** Graham, of course, was the star of the day at least from Pitt’s perspective as people wondered how healthy he is and whether or not he has returned to form. His answers were pretty consistent as he was honest and said simply “I don’t know how healthy I am and won’t until I hit the field,” he said. The knee is healthy from the standpoint of he is cleared for contact and has been working out but he said until he tries to cut and takes a few hits he won’t know. He also said he will wear a knee brace early in camp to see how that feels and to give it some support but the hope is that he can play without one by the time the season comes. “I would like to think I am Superman but I know I am not Superman and so I will try and ease my way back into things.” As for the rest of the team, Chryst said the only player who is out for right now with injury is Marco Pecora, who had pectoral surgery. He said everyone is healthy, all of the guys like Todd Thomas who sat out the spring are ready to go and he’s anxious to get on the field and get going next week.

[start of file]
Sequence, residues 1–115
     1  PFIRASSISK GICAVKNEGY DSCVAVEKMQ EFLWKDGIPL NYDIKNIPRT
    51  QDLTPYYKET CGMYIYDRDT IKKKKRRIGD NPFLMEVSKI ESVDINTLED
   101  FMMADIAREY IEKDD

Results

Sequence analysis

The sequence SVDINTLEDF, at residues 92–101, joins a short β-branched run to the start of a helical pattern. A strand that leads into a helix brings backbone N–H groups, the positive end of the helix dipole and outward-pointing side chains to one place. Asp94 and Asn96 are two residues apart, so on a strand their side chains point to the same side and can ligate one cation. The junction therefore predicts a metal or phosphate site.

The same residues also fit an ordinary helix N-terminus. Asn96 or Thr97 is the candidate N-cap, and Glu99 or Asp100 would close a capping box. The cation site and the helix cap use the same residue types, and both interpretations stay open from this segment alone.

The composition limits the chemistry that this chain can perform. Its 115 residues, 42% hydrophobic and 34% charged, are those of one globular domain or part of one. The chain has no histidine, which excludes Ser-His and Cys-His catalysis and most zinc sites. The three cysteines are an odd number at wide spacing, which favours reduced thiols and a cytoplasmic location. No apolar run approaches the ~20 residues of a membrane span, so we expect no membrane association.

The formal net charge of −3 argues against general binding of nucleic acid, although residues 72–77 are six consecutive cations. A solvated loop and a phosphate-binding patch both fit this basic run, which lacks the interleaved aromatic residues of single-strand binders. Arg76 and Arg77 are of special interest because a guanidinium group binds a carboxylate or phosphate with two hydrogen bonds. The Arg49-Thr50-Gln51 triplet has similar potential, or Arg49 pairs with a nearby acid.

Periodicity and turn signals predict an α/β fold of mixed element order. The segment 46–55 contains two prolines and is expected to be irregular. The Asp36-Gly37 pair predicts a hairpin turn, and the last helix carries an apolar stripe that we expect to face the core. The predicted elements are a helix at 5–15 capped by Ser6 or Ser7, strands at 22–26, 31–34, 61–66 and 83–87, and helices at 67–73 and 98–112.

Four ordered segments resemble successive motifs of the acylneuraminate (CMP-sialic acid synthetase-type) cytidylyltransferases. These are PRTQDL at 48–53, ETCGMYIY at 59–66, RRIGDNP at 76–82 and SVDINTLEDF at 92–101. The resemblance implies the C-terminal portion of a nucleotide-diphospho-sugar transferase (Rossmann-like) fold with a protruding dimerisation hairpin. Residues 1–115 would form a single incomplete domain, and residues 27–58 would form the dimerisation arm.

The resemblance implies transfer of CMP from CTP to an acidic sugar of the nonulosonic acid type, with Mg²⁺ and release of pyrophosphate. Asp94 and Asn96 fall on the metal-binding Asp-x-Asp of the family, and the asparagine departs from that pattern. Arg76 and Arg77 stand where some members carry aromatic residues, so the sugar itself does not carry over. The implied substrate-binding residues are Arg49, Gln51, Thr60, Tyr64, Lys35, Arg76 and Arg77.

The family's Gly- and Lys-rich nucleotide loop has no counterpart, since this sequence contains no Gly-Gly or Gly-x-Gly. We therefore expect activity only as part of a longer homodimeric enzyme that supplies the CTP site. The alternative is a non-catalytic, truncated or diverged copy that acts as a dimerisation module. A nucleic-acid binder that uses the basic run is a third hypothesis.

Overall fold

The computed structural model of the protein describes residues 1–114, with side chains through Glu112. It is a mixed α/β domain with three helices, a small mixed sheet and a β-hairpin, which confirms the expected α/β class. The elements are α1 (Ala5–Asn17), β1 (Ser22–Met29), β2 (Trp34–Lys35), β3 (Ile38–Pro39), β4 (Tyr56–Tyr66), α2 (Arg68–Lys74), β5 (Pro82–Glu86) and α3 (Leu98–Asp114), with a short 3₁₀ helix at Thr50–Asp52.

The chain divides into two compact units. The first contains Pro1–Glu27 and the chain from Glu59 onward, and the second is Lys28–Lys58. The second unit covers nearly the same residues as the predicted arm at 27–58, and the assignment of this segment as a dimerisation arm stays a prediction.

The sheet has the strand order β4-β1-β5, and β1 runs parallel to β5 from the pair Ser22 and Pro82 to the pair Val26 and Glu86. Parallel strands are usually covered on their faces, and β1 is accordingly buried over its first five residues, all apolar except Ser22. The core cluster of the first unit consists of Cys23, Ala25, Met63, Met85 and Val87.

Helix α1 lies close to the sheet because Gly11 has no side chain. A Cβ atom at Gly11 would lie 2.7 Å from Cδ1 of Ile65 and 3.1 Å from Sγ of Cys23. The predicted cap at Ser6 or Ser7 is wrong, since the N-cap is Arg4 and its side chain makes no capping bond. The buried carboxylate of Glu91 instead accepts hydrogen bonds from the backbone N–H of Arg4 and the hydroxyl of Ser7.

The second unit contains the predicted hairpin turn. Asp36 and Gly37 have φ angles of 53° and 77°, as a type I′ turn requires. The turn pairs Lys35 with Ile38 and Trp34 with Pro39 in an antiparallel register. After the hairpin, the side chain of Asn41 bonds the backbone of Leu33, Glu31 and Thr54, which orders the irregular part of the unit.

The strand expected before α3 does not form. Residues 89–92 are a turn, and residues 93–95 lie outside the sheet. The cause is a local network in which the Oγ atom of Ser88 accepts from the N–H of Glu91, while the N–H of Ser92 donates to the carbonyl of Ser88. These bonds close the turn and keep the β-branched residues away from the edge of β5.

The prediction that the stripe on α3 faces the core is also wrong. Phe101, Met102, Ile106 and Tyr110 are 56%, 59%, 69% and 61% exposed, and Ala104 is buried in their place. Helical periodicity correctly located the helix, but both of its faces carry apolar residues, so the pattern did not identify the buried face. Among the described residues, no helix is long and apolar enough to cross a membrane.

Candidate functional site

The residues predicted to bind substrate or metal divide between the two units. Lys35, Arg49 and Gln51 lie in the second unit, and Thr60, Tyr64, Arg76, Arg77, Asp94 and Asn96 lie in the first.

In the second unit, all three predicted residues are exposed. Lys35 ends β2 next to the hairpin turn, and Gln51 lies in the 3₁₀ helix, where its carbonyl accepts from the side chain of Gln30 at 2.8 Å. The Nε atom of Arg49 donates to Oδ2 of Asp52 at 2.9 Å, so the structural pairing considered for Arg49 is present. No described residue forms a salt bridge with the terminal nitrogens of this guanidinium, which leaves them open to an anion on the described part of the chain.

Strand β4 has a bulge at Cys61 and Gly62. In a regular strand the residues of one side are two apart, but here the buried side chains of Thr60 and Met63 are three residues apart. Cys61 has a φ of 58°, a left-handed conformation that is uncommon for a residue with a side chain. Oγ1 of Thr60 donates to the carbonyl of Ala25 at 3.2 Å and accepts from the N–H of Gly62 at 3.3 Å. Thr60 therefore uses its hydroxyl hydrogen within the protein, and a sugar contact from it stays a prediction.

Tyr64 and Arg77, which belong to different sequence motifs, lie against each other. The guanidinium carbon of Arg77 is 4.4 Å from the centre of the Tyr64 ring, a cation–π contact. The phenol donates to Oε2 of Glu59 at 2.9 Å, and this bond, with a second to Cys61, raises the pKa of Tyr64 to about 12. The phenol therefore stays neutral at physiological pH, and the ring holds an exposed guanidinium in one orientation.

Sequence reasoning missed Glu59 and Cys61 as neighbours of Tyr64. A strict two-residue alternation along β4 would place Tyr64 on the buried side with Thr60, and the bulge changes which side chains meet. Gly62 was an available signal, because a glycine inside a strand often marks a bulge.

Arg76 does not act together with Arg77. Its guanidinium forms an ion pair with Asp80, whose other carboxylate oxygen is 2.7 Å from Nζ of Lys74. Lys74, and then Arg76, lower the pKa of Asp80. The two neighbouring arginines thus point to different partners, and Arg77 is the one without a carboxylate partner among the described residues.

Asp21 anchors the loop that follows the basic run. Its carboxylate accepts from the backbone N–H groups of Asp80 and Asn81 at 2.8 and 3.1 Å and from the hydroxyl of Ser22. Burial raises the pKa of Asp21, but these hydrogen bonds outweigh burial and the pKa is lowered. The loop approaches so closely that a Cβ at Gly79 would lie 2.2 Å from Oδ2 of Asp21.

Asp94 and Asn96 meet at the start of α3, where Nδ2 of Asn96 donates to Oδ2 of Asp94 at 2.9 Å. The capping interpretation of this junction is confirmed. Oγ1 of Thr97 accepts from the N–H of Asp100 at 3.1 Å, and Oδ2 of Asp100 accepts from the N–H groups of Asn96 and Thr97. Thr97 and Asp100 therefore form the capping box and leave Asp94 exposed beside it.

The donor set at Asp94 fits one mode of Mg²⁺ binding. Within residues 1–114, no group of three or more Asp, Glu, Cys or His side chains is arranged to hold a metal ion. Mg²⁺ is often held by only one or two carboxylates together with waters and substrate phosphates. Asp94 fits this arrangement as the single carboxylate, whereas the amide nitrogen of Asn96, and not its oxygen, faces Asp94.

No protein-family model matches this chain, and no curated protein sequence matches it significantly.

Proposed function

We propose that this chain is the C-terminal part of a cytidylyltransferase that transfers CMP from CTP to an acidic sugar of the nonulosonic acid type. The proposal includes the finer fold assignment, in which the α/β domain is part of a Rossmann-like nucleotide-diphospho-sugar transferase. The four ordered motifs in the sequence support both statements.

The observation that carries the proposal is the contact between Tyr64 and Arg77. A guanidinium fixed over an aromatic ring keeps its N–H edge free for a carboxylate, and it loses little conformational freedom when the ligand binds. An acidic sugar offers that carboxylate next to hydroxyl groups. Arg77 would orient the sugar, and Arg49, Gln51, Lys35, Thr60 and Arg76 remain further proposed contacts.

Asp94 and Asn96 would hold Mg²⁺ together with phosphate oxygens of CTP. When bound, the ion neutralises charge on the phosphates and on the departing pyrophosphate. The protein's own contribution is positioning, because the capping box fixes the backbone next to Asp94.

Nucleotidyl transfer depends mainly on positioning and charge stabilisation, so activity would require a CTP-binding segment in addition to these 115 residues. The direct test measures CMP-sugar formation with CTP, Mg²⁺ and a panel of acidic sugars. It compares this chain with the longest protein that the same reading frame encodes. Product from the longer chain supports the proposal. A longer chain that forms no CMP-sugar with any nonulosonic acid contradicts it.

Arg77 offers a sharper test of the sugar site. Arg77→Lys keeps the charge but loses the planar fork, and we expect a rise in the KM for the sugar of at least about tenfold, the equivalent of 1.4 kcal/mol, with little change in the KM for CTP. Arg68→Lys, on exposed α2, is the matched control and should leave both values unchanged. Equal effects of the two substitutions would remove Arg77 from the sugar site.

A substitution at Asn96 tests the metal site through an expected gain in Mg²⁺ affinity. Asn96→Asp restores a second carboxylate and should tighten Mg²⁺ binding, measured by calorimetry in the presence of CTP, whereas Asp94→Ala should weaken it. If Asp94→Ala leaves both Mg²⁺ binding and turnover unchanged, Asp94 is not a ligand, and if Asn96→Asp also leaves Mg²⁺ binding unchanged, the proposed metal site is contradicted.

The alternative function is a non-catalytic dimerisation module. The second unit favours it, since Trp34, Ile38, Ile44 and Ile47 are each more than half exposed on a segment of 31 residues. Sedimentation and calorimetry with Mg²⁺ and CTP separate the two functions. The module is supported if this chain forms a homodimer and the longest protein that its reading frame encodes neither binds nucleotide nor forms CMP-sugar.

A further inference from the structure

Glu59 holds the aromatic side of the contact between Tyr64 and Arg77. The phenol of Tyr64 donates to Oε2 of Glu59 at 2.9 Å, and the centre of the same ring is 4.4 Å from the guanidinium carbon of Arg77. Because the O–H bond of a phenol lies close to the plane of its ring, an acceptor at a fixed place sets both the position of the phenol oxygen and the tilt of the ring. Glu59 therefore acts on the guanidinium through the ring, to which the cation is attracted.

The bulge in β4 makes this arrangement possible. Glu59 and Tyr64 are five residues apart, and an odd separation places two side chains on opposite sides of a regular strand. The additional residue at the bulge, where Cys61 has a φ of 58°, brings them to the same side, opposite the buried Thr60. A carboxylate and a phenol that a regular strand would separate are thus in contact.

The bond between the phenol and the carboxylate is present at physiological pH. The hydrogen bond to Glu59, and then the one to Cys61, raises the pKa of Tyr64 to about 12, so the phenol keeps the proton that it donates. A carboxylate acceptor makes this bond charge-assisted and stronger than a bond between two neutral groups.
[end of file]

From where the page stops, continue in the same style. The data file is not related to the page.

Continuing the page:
** All you need to know about Chryst and his “matter of fact” approach to things is this – Pitt will, for the first time, not have a formal “Media Day” to kick off training camp. Instead, they will just start camp and “if anyone wants to talk to us or needs us for anything they can just come by and we will work it out. Why do we need to make people come out an extra day?” Tremendous. His point is very simple, he just doesn’t understand the need to make a big production out of everything and instead he just wants to go about the business of coaching football and trying to help these kids become adults. And it isn’t a thing of where he is restricting access – we have much more access now than we did last year and he is more than willing to accommodate us stinking media types. He’s just very much meat and potatoes and that’s a good thing. He is someone I think Pitt fans and people in Pittsburgh will really get to know and truly appreciate once they get to know him.